“You need to stop coming here.”
He makes his way through the grass to the man staring at a monument.
“It’s my grave. They buried me here.”
“Right. And now you are back, you are here. That grave is empty. It’s time to move on.”
“Is it empty? Sometimes I want to find out and make sure…”
“Listen, you died. You came back. It’s what heroes do. Move on. You came back for a reason and it’s time to get to work.”
“Did you bring them?”
He reaches into his coat pocket and pulls out a box.
“Armor piercing. Just as you ordered. Bullet would not be happy about this.”
“She’s still young. One day she’ll grow up and understand.”
“I’m not going to tell you what to do. I’m not the one in a mask fighting evil. But she lost you. She saw you die. Don’t make her regret your return.”
“Just give me the bullets.”
For over a decade, since I first put on the mask, I used a variety of bullets. Mostly to stun, to hurt, but never kill. That was before I fell twenty stories and died. Things are different, my blood was spread out in the street. I used to fight for justice, now I’m just angry.
“What are those?”
“Real bullets. What are you doing with those?”
She’s still young, naïve. That makes her a good hero, a perfect partner in all of this.
“You’re not you anymore.”
“No. I was dead.”
Two figured hide in the shadows, watching. These aren’t your typical superheroes. They aren’t symbols of the war against crime, of hope. They aren’t seen on the news. They are urban myths, whispered on the streets. She calls herself Bullet, she likes having a name, likes to hear people talking about her. He prefers to remain nameless, newspapers just call him “the vigilante.”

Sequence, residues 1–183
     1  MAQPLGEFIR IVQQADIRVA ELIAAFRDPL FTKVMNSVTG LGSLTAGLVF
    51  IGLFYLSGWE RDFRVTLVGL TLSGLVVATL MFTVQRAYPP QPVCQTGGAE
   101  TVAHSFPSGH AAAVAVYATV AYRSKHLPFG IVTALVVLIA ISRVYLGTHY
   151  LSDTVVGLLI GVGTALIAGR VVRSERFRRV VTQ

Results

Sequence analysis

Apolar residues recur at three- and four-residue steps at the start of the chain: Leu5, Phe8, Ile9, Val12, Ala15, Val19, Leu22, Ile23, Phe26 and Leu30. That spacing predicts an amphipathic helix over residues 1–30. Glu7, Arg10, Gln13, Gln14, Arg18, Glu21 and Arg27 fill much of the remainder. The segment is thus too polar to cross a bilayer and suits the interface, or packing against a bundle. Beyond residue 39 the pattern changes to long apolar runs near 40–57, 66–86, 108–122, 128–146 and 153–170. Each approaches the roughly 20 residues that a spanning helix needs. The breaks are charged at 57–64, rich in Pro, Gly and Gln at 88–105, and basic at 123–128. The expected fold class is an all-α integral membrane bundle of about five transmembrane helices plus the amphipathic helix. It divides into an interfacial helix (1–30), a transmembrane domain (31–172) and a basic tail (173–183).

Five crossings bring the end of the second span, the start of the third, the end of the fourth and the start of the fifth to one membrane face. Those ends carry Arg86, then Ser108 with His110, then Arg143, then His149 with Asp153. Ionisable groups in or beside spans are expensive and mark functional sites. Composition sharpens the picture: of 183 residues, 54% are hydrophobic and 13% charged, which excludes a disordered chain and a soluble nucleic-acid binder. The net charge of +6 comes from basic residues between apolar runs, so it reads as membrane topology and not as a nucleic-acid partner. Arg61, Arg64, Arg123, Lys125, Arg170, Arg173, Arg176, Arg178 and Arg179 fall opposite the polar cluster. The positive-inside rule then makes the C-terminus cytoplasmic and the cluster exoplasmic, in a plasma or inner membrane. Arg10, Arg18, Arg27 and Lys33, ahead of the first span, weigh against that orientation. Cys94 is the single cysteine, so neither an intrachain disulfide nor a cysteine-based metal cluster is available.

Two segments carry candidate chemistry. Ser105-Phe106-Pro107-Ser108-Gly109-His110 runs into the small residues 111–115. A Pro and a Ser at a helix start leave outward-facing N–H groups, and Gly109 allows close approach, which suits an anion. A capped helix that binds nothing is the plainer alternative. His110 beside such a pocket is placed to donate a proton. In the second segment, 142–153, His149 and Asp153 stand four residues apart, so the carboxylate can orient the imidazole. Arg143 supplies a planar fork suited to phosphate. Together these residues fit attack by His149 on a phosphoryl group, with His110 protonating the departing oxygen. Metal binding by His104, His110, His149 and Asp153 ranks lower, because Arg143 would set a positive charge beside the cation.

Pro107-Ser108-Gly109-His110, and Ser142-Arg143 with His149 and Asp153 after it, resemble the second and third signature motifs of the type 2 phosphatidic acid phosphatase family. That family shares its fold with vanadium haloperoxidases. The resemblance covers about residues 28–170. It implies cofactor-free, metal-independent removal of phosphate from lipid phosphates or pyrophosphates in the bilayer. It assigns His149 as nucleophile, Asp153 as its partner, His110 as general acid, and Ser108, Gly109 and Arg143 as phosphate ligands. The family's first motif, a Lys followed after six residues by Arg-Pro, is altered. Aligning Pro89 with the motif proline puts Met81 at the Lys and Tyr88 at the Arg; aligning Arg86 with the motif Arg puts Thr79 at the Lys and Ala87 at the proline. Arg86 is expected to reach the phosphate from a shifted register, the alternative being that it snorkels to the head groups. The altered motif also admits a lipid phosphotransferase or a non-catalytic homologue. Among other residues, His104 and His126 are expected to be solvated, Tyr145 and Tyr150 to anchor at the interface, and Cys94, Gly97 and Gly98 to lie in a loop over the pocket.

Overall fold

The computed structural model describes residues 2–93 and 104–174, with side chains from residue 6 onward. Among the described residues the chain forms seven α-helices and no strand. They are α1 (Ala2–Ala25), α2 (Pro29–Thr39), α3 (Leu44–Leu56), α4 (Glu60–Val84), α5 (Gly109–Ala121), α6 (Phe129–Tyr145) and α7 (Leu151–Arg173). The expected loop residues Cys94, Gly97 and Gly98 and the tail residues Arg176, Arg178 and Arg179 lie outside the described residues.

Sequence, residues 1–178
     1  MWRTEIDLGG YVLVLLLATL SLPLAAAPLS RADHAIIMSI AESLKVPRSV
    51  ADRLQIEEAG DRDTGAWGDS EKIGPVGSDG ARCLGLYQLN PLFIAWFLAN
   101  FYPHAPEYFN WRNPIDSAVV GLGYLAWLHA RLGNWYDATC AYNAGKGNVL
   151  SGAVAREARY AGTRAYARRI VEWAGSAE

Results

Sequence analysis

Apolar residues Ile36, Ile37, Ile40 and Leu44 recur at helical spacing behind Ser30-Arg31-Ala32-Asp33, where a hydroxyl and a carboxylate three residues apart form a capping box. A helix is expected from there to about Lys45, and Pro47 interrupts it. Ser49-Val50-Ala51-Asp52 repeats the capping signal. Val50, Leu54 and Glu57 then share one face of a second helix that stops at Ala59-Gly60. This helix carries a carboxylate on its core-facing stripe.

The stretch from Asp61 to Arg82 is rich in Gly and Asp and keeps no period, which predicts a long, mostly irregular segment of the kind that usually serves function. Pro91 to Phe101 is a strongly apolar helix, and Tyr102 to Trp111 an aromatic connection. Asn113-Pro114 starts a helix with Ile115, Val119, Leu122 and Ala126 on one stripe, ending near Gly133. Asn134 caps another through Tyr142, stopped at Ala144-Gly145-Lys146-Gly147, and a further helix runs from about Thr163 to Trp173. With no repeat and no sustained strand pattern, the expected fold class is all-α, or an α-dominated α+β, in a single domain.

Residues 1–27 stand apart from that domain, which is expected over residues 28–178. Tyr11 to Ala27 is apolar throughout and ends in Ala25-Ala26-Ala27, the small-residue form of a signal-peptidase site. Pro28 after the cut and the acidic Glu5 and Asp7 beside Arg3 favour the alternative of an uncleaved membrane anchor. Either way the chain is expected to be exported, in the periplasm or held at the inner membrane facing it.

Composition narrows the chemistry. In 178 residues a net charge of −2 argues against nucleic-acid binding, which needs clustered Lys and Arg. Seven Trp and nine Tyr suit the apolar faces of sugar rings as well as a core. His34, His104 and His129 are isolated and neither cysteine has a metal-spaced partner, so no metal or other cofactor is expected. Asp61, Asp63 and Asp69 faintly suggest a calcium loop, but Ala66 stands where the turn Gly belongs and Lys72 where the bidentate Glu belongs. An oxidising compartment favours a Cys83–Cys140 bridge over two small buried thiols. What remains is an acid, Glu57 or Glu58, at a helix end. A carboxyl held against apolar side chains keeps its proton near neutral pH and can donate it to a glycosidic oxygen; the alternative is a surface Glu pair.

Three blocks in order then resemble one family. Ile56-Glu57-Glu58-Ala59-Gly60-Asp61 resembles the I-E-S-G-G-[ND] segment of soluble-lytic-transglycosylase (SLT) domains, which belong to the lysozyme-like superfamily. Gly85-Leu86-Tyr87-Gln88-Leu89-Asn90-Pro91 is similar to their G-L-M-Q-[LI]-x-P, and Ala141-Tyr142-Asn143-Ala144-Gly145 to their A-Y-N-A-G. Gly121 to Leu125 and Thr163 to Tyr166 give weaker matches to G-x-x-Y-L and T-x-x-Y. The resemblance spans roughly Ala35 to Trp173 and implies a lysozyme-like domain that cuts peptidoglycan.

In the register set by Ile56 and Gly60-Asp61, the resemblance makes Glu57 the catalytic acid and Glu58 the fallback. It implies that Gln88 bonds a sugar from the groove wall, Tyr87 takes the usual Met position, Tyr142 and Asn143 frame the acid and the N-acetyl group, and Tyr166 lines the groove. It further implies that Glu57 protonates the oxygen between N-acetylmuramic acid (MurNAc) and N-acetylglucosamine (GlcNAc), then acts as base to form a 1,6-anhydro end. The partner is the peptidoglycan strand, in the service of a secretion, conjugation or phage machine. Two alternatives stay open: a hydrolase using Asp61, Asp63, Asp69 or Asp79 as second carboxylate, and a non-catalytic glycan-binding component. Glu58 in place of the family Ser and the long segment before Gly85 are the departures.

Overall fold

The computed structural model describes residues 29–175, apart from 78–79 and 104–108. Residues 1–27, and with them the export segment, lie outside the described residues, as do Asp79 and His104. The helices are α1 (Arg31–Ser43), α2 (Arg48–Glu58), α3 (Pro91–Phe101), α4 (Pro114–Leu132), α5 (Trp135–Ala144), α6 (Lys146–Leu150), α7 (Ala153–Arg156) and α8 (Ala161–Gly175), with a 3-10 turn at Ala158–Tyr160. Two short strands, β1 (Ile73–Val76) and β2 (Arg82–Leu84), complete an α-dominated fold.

They dart from the shadows as the warehouse door opens. A smoke grenade announces their entrance.
“It’s the cops!”
A gun shot. Someone reaching for a gun falls to the ground a hole in his head.
“What the fuck are you doing? You killed him.”
“This isn’t the place for this.”
He opens fire, never missing. Bullets ripping through body armor and flesh, breaking bones and spilling blood.
He’s standing over someone, his gun pointed at their head.
“Who are you selling these to?”
“You’re supposed to be dead!”
“I’m a hero. We don’t stay dead. Who are you selling these to?”
“Fuck you, hero.”
He shoots. The man’s head snaps back.
“Have you gone fucking crazy? You just killed everyone.”
“Shut up, Jesse.”
“You do not get to use my name. Not here, not ever.”
He watches her leave. He raises his hand, aiming the gun at her sillouhette. One bullet left, he could do it. It would be so easy. Too easy.
“Jesse…Bullet…wait. I’m sorry.”
He says it. But he’s not too sure that he means it.